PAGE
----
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The Post Office today returned to the telecoms sector with its HomePhone service. The organisation, which ran the UK's telecoms network until BT was spun out in 1981, is gunning for one in 20 of BT's residential fixed line customers by 2008.

Following in the footsteps of other operators (Tesco, Carphone Warehouse, British Gas, Tele2, to name but a few) the Post Office reckons its service will be up to 20 per cent cheaper than BT as it looks to win one million new customers.

Punters who switch to HomePhone will also only receive one bill for calls and line rental as the Post Office uses Wholesale Line Rental (WLR); this enables it to own the whole customer relationship, delivering a single bill for both calls and line rental.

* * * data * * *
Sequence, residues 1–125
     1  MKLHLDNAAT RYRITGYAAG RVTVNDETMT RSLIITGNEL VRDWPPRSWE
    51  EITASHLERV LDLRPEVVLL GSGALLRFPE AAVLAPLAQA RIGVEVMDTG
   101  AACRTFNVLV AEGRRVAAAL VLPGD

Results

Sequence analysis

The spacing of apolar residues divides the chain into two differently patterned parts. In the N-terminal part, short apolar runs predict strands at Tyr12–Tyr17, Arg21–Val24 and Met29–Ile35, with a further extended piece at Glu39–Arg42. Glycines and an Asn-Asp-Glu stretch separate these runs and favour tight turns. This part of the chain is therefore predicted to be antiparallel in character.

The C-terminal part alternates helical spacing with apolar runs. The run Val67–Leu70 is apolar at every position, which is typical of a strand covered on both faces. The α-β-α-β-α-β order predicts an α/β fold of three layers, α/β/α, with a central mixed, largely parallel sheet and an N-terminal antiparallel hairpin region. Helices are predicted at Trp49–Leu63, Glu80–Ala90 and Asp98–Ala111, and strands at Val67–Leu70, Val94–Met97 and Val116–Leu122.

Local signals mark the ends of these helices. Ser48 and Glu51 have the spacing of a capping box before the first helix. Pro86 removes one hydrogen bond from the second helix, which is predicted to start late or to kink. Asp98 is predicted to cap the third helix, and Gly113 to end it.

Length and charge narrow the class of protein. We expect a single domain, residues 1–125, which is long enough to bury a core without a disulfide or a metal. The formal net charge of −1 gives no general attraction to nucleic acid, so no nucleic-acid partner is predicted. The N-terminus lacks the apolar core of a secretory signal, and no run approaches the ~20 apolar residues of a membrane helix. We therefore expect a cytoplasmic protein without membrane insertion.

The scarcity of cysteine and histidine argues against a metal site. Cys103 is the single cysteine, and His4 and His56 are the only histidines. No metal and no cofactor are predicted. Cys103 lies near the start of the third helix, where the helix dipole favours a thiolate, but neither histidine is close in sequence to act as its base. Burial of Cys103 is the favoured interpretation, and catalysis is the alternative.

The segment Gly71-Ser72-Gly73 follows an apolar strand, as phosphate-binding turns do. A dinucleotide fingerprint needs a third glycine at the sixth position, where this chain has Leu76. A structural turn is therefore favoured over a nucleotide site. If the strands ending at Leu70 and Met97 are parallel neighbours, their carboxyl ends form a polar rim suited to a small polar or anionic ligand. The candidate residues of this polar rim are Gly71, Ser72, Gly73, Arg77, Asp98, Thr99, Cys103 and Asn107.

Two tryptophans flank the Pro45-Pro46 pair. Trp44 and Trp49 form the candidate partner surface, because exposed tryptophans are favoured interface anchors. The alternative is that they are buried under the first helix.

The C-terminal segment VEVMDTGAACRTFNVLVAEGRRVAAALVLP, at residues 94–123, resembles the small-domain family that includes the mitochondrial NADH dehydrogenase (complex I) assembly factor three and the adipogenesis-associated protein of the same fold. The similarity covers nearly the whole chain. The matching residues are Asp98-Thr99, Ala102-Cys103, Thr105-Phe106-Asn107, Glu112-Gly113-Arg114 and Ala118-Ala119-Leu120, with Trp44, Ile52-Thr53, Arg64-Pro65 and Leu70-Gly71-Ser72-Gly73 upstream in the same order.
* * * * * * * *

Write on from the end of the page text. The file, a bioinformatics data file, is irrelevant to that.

Cable & Wireless is supplying the infrastructure for the service.

Said chief exec David Mills: "With the launch of Post Office HomePhone we intend to win a significant slice of the residential telephony market. With a combination of line rental and cheaper calls on a single bill we can provide a comprehensive, money-saving service to the residential phone user.

"Our customers have welcomed the telecoms products we have introduced so far, and they want more. Now the legislation, the technology and the infrastructure are in place."

Last week BT was accused of slipping in a "stealth price rise" of up to 110 per cent with three million customers expected to have to pay more for phone calls first thing in the morning. ®

Related stories

Post Office to offer 'me too' telco service
BT sneaks in 'stealth price rise'
BT appoints phone Czar

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